There are currently 49 nations across the world which offer remote working visas. Although this is not an option offered in South Africa yet, the City of Cape Town is leading the way having been highlighted as one of the 20 global hotspot destinations for remote workers. Additionally, the City has entered a partnership with Airbnb to attract digital nomads to our shores.

The remote work trend is mostly drawn to South Africa’s coastal regions. Digital nomads are looking for lifestyle improvements and coastal areas typically provide those benefits. Implementing a remote working visa should be a no-brainer for national Government. Initially, questions were raised around travellers’ tax residency status, but those have been addressed. Considering this, there is definitely a window of opportunity which will become less lucrative the longer South Africa waits. If other countries move first and offer an easy solution, then a large piece of the nomad market will be snapped up.

The partnership agreement with the City and Airbnb will include a dedicated custom-built Airbnb hub for Cape Town that will showcase top local listings and information relating to entry requirements and visa policies. This means that once the remote worker visa is approved by national government, we will be able to support these travellers and ensure they have a great experience.

 With Propr already seeing evidence of more bookings being placed by the digital nomad cohort, this is especially pertinent. Our average length of stay has increased, compared to the pre-Covid era. However, it is important to note that there are many nomads who switch Airbnbs more than once a month, which means that quite a few of our shorter stays are still remote workers, but it is hard to quantify the exact number.

 This is reflected by a survey conducted by Lonely Planet and freelance site Fiverr which found that a third of digital nomads prefer to move on every one to three months. Yet 55%, the so-called “slomads”, said they liked to stay somewhere for at least three months at a time.

 In order for South African short-term rental owners to take advantage of this growing opportunity, Propr highlights five ways that they can increase their chance to capitalise on this group: 

  1. Have high speed, reliable, uncapped Wi-Fi: Although this should be the norm for all Airbnbs, it is even more essential for those wishing to attract digital nomads. According to the 2022 Digital Quality of Life (DQL) Index, South Africa ranks 70th in the world when it comes to the average fixed broadband speed. Considering this, short-term rental owners have no choice but to offer travellers the best so that they can work as effectively as they would in their home country.
  1. Ensure the property is loadshedding proof or resistant: If your apartment is on a grid that doesn’t experience loadshedding make a big deal out of the fact that it is unaffected. But if, like most of us, you do have loadshedding, make sure you minimise the impact by providing a UPS/inverter device to keep the internet going and provide a few emergency lamps.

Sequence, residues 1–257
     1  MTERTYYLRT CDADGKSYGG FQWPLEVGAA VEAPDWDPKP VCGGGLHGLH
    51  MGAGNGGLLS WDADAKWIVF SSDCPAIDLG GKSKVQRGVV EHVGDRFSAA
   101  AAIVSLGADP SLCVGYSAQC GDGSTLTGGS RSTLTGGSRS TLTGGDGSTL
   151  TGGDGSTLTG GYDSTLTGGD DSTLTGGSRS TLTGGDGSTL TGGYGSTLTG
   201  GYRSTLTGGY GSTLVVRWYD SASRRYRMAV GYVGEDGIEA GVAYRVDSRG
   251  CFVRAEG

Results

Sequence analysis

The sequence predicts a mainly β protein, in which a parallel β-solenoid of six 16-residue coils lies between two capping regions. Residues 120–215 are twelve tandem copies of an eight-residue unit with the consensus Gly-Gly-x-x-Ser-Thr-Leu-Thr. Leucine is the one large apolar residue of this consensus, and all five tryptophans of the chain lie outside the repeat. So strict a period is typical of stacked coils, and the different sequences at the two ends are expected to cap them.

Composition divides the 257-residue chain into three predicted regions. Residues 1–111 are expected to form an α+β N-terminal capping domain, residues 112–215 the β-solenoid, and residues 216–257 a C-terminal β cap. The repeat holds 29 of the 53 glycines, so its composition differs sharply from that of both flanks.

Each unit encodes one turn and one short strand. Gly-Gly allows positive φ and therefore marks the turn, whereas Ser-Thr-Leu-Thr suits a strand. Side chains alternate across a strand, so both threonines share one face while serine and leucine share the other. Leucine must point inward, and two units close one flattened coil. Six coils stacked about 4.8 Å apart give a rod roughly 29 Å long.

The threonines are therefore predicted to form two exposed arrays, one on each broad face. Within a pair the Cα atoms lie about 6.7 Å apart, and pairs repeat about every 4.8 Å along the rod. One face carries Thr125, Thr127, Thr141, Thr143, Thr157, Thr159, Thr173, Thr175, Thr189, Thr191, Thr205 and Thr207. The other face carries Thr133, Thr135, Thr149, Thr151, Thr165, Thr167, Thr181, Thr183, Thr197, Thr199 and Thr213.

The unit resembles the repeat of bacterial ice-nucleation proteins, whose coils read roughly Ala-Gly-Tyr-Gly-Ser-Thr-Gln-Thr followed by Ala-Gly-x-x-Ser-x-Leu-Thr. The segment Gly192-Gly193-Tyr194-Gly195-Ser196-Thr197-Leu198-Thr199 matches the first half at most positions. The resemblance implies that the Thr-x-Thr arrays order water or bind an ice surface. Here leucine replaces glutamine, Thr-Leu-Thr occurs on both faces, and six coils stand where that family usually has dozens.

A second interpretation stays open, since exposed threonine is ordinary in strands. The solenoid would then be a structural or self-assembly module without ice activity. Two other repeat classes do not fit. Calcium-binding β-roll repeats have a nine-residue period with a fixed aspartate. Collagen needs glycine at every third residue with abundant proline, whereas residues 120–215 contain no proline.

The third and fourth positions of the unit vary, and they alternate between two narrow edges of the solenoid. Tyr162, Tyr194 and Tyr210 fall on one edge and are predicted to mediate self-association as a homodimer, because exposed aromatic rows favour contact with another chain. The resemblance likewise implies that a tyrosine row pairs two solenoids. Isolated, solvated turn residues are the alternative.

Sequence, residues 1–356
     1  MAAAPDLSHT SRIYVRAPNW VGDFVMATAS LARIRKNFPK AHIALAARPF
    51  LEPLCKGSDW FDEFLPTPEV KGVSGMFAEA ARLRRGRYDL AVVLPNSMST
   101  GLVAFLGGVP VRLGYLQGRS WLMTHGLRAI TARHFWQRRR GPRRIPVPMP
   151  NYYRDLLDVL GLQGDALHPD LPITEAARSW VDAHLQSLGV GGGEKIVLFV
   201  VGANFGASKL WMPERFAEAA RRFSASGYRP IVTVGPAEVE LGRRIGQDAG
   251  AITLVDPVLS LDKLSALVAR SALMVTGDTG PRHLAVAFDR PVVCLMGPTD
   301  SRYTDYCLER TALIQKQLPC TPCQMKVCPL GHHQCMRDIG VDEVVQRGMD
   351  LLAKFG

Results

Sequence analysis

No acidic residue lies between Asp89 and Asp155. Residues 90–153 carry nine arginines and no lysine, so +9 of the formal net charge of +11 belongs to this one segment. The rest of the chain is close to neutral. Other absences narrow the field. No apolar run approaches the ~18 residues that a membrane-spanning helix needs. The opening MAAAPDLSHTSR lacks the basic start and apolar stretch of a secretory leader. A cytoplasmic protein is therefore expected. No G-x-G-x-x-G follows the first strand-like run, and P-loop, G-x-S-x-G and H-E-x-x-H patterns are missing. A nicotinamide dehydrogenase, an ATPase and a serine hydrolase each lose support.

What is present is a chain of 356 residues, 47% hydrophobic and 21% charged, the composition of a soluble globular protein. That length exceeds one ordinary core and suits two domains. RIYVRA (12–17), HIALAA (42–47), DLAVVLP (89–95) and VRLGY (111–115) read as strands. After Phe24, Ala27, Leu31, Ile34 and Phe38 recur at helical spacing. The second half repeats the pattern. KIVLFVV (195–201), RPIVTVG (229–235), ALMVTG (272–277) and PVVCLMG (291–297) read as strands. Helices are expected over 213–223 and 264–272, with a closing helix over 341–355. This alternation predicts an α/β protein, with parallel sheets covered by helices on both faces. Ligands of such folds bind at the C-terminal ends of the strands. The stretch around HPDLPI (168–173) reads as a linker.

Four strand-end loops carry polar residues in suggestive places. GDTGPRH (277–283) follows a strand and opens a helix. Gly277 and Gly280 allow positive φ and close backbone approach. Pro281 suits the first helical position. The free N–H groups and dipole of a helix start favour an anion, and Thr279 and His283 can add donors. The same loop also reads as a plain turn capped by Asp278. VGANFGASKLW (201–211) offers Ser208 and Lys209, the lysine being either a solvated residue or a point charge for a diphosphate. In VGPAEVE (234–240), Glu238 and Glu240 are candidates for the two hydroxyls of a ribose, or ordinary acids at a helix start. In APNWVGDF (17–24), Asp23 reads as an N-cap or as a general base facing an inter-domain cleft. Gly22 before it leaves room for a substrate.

1. Set-up a dedicated, laptop friendly workspace with good lighting. At Propr we have started offering guests “work packs” which include a second monitor, laptop stand, HDMI cable, mouse and a keyboard. This can be offered for a small fee or included in the rental. As these are extremely popular with our guests, we would advise short-term rental owners to add this to their offering and ensure that photographs of the setup are included in their listing. 
  1. Offer convenience services like additional cleaning and stocking of fridges. Digital nomads are looking for lifestyle upgrades and hotel level amenities, so short-term rental owners should be making their stay as comfortable as possible to attract their business. Providing cleaning services also gives the property a competitive edge over hotels which include this in their offering.
  1. If the listing is close to co-working spaces or has any other amenities that remote workers would enjoy, then highlight that in the description. As mentioned above, digital nomads will be new to the area so this information will assist in whether they choose your property or not.

Now that nightly rates have recovered to more than what they were pre-Covid there are various opportunities available for short-term rental owners to take advantage of. Whether it be coat tailing the digital nomad trend, welcoming more local travellers since they are currently bolstering tourism in the country or providing accommodation for international guests, now is the time to prepare for a bumper season.

In light of the limited number of economic growth opportunities in SA, however, it is vital that Government plays its part and make it as easy as possible for all tourists – not just digital nomads – to enter the country. This is crucial as South Africa undoubtedly lost billions as a result of contradictory visa requirements relating to unabridged birth certificates and the shortening of visas to three months. By making entry into the country a simpler exercise for all travellers, it will allow us to undo some of the damage that has been done.



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